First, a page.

Kids as well as adults are struggling during this time to find creative ways to stay active while social distancing. Families need to stay active for a variety of reasons from clearing their minds to moving their bodies to stay heart-healthy.
I have an active 8 year old ADHD child that never sits still. This pandemic has been tough on our family because of the stay at home order and the social distancing aspect (believe me I understand and agree with the mandate, but it’s been challenging on everyone to say the least). My son is used to hanging out with other kids at the park, playing soccer every Saturday and socializing with peers at school. I asked him if an obstacle course would be a fun thing to do both inside and outside. His answer was “of course mom, let’s do it!”
Using different items around your house makes for an inexpensive and creative family fun event. Be silly, laugh and spend some quality time together creating positive memories together. It’s good for the soul!
Obstacle courses can be designed for indoor and outdoor play. Use different themes to create a course with your child’s specific interests and abilities in mind. Help him/her be involved in the planning and set up/clean-up process. You can create a simple or elaborate obstacle course depending on the age(s) and mobility strengths/weaknesses. You can create modified wheelchair options as well. Use cones or a laundry basket to create a goal if you have them. You might try using blue non adhesive tape/ sidewalk chalk to create the “course” lines or stations.
You can determine if the obstacle course will be “timed” to track the winner scores or you can have them play for fun. You can offer small prizes, a certificate of participation or an incentive to the winner(s) if desired.
Here are a few ideas to get you started on building an indoor or outdoor obstacle course for kids:
The point is to have fun. I would love to hear your ideas and amazing stories. Feel free to share!
Living “In the Moment” is a Challenge I know…
I struggle as much as the next person to be present in THE moment. Mindful of the Here and Now. I get it! It’s tough with the advancement of technology, and the ever-present cell phone glued to our hips. Smart Phones, laptops, book readers, gaming devices, notebooks, I-Pads… You get the picture.
Have you ever mistakenly forgotten your cell phone and then half way to the office you had to drive back home? It is that sudden, heart racing, gut wrenching feeling that you may miss something really important (the latest social media update- kidding of course!) client call or even that emergency phone call from your child’s school? I know, I have been there more times than I can count.
What surprises me the most is the vast number of people who have a digital device plastered to their face while driving, walking, sitting, eating and YES even hiking. I am often blown away with the lack of authentic human connection that we all seem to have, even when another person is looking at us from across the counter or sitting beside us at the same table at lunch.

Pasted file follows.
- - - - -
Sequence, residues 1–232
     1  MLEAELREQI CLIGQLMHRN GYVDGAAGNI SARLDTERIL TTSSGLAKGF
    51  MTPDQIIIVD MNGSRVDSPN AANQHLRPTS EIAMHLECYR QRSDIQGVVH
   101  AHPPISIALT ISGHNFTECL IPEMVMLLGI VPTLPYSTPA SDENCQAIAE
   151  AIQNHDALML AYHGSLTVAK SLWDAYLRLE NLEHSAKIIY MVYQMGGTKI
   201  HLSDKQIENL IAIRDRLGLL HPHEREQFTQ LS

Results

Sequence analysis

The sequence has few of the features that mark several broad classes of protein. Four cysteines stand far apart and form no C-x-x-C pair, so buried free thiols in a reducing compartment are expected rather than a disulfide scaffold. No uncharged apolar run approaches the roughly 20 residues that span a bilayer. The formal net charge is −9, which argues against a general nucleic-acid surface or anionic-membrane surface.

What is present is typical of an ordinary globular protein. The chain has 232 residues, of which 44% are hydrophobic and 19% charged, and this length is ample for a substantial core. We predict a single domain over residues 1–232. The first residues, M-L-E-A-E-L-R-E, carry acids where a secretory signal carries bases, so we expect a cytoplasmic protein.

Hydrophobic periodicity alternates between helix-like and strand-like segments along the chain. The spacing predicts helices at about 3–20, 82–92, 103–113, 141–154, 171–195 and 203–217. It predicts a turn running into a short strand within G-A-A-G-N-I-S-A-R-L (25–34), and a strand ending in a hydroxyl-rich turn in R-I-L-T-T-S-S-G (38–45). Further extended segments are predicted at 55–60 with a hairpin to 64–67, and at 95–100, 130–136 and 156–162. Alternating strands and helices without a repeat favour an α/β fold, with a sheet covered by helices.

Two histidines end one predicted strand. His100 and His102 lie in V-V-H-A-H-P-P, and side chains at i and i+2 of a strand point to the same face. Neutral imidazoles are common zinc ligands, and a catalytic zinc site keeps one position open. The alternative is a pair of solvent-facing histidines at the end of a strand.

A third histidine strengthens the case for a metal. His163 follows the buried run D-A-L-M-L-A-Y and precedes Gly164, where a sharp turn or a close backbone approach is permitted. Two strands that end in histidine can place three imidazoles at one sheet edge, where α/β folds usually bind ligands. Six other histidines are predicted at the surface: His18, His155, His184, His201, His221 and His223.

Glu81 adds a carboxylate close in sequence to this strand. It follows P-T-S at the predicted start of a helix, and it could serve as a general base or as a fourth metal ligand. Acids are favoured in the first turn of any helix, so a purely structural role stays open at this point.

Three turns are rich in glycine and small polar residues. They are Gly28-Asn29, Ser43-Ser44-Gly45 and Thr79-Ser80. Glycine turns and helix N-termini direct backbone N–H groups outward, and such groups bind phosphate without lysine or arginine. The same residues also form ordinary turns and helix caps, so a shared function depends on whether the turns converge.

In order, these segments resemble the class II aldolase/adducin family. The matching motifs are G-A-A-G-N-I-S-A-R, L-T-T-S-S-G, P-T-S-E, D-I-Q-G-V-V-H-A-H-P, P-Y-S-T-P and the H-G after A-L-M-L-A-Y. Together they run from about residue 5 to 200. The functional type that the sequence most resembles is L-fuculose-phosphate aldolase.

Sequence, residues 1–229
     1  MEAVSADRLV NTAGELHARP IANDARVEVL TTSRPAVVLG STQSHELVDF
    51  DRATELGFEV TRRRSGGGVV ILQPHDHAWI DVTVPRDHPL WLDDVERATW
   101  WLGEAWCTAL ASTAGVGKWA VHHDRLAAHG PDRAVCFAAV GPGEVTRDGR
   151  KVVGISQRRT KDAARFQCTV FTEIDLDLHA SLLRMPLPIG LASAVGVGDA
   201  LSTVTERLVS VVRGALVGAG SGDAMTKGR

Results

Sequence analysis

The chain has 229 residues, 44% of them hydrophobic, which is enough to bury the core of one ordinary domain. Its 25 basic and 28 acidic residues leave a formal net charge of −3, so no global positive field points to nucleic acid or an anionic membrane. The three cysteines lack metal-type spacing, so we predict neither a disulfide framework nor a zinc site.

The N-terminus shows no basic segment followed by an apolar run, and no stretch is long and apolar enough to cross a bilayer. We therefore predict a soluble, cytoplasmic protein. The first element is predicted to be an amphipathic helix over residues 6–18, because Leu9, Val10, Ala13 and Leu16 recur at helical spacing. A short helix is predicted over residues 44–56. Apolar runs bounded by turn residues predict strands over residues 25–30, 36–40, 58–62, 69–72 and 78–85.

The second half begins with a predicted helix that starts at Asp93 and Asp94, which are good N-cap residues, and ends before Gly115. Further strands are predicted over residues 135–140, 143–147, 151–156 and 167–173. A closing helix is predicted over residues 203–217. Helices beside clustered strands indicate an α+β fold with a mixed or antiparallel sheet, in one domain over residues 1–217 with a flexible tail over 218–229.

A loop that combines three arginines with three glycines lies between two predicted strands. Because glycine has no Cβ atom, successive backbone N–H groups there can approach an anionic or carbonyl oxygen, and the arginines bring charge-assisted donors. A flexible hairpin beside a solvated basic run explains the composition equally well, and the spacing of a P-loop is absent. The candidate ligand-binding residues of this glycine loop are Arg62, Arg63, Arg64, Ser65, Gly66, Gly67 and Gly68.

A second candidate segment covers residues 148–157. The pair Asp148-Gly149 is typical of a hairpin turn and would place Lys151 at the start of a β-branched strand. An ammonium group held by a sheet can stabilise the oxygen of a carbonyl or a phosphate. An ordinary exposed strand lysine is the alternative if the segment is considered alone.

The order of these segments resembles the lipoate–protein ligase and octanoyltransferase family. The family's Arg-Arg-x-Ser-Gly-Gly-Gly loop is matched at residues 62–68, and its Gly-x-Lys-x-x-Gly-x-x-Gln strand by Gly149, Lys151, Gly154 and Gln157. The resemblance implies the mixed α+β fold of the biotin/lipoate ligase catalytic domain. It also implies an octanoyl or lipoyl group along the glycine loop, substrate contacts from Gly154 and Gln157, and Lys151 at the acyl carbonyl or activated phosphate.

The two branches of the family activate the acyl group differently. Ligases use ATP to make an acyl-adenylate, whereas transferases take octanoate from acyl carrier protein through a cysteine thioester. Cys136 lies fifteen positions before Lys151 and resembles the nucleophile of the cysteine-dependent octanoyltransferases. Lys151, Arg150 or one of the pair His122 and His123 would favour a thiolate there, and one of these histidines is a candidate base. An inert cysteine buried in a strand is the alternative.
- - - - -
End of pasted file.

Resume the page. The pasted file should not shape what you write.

Earlier in my week I decided to detach from my many tech devices so I could get moving outdoors! My goal was to take a scenic nature hike close to home, so that I could “UN-plug” from the world over my lunch break. My intent was to leave my cell phone in the car, but to my surprise I couldn’t bring myself to do it, in fear that there would be an emergency and I would need it. I decided to keep it in my backpack so I could focus on the mountains, wild life and any beauty that I stumbled upon.
To my amazement I could not find ONE single person that did not have a cell phone in hand or were not glued to their mobile device while hiking (I must have come across over 75-100 people during my observation). One person almost walked off the side of the mountain because they were not focusing on the path directly in front of them. How often do we do this in life? Could it be forgetting to be “in the moment” at the checkout counter and not acknowledging the cashier in front of us with a simple hello, or by failing to unplug when your spouse or child needs you in some way? Guilty as charged for me too! Instead of saying, ” just a minute” to my child when I am busy on my device, I want to be more present to provide that instant human connection so that he knows he IS valued and what he says IS important to me. I am a constant work in progress.
My observation taught me that I want to be more aware of the precious human connections around me, and to strive to live “in the present moment” more each day. I discovered I want to take steps to be more mindful by making eye contact with strangers, giving more smiles, offering kind gestures and providing more genuine compliments. Kindness if free people!
How can we all be more present in our daily lives? I would love to hear your suggestions.